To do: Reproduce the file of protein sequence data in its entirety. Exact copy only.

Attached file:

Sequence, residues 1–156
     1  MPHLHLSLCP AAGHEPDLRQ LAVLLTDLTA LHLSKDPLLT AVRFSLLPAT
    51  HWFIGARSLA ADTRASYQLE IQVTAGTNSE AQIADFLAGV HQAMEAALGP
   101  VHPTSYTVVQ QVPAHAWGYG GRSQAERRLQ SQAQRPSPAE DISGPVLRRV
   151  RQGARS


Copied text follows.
Sequence, residues 1–156
     1  MPHLHLSLCP AAGHEPDLRQ LAVLLTDLTA LHLSKDPLLT AVRFSLLPAT
    51  HWFIGARSLA ADTRASYQLE IQVTAGTNSE AQIADFLAGV HQAMEAALGP
   101  VHPTSYTVVQ QVPAHAWGYG GRSQAERRLQ SQAQRPSPAE DISGPVLRRV
   151  RQGARS